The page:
The same can be said of Bush Mechanics: an on-the-road (or on-the-dirt-track) action/comedy that offers a critique of car culture from a different and fresh perspective. Consisting of five half-hour episodes, one of which aired on ABC in 1998 (and can be considered the equivalent of a pilot) and the others in 2001, the show garnered a small cult following of appreciators taken in by a series for which there is genuinely no equivalent.
Bush Mechanics may sound unimpressively simplistic on paper. Starring Warlpiri people and filmed in and around Yuendumu, a town a few hundred kilometres north west of Alice Springs, the show is almost entirely comprised of a group of chatty men (Steven Jupurrula Morton, Errol Jupurrula Nelson, Simeon Jupurrula Ross, Junior Jupurrula Wilson and Randall Jupurrula Wilson) either riding in a car, fidgeting with a car or standing around one. But there is a genius at play here – subtle in some senses, rambunctious in others – that takes western attitudes and assumptions and tips them on their heads.
The first, pilot-ish episode is bookended by an elder recounting a story about something strange that occurred in his youth. The show flashes back to a younger version of himself looking for food in the desert, following kangaroo tracks. Continuing the search, he happens across another set of tracks: this one made by tyres, which he reckons “must be some sort of monster!” Soon the aforementioned group are fenging it down a dirt road in a faded green, beat-up rust bucket sans windscreen, with a dead kangaroo tied to the bonnet.
“George Miller’s films take on the obscenity of car culture, while Bush Mechanics take a wider view, rethinking the nature of cars in the first place”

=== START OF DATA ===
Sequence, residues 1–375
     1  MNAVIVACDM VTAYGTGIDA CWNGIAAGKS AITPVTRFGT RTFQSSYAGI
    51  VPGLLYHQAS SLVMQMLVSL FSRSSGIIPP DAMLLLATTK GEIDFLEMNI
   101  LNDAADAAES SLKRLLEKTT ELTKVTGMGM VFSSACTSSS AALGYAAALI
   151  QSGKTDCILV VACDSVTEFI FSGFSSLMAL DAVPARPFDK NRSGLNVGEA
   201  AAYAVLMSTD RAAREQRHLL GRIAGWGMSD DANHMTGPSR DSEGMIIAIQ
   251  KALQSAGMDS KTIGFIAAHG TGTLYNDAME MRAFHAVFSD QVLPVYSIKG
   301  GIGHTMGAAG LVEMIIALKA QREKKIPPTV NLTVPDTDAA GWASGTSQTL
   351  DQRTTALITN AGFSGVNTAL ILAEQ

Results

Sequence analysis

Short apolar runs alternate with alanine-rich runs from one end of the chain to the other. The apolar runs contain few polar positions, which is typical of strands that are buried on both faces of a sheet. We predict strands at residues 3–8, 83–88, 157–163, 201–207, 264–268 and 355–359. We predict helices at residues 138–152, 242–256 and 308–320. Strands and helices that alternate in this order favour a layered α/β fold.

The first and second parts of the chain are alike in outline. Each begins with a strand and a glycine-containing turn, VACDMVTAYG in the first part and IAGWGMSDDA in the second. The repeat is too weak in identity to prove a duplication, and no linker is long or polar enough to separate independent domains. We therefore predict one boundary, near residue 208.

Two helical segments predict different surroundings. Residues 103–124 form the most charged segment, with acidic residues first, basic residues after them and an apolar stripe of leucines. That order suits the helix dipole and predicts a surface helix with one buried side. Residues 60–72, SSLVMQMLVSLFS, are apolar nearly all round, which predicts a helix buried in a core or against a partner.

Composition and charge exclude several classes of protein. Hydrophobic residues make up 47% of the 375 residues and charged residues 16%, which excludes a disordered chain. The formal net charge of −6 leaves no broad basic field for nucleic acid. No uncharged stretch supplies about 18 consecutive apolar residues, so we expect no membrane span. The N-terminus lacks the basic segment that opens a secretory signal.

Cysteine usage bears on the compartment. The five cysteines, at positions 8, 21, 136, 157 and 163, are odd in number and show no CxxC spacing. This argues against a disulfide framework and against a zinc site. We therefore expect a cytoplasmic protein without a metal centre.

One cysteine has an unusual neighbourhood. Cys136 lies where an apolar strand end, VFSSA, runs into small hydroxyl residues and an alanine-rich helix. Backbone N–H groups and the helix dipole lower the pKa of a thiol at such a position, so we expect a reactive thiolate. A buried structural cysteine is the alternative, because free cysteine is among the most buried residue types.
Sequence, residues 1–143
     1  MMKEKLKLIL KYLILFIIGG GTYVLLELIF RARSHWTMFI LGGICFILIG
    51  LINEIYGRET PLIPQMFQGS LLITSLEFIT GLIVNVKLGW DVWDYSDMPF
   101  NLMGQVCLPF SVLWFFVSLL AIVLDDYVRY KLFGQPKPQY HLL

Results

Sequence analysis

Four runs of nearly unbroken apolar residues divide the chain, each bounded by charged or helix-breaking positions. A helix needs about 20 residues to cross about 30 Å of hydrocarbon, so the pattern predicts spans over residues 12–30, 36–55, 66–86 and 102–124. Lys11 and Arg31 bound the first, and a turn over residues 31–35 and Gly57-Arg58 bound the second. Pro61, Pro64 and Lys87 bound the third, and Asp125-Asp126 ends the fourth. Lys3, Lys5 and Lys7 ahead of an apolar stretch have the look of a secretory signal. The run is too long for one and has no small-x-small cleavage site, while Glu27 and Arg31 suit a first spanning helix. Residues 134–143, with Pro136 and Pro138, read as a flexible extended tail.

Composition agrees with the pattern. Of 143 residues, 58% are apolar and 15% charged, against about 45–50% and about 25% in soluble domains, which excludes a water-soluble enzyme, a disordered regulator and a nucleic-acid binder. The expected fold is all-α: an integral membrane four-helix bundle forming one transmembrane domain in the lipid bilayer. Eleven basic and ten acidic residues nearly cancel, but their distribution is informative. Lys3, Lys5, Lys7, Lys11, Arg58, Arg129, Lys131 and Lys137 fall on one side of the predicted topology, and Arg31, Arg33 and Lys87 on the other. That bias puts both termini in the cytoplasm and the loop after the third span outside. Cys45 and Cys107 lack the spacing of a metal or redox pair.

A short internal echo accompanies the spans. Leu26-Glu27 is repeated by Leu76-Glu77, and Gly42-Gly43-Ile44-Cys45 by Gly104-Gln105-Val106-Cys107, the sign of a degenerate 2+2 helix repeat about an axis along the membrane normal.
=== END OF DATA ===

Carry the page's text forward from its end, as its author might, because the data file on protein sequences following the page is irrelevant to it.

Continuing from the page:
The plotlines are slight: in the first post-pilot episode, the group for instance purchases a car and stuffs it full of band equipment, travelling to a town to put on a gig for children. En route it breaks down and the group tends to their vehicle in various creative ways – mixing Omo and water to create ad-hoc transmission fluid, recharging the battery by heating it next to a fire they create using alligator clips, and even transforming the vehicle into a convertible by hacking its roof off with axes.
Some of the footage is sped up, with an artificially fast frame rate evoking a slightly Benny Hill-esque vibe, visually reiterating an absurdity always implied but never directly articulated. It’s strangely entertaining, given how simple the format is. But there’s something else rare and special going on, which can be observed from two seemingly contradictory perspectives.
The first is that Bush Mechanics is making a point that cars are abnormal creations; that these petrol-guzzling contraptions are human inventions that do not necessarily have a place in the natural order of things. The second is that they are just another form of strange thing to be reckoned with, like any number of other creatures or occurrences one encounters in the outback.
Either way, the men’s rough-and-ready attitudes towards vehicles and their upkeep exists light years away from the usual consumerist mindset, whereby new parts are bought, additional services paid for etcetera. Their hands-on, sometimes ingenious solutions are remedies for the moment, implemented with the awareness that cars – like people – don’t stick around forever.
Which brings us back to Mad Max – a series littered with corpses and cars. George Miller’s films take on the obscenity of car culture; how lives are thrown away for nothing more than the act of a foot pressing down on an accelerator. Bush Mechanics take a wider view, rethinking the nature of cars in the first place, rejecting the idea that they were an inevitable aspect of human evolution.
Both productions play like visual rock’n’roll. Two sides of the same coin, you could say. And certainly two sides of the same car: that magnificent, four-wheeled creation at ACMI.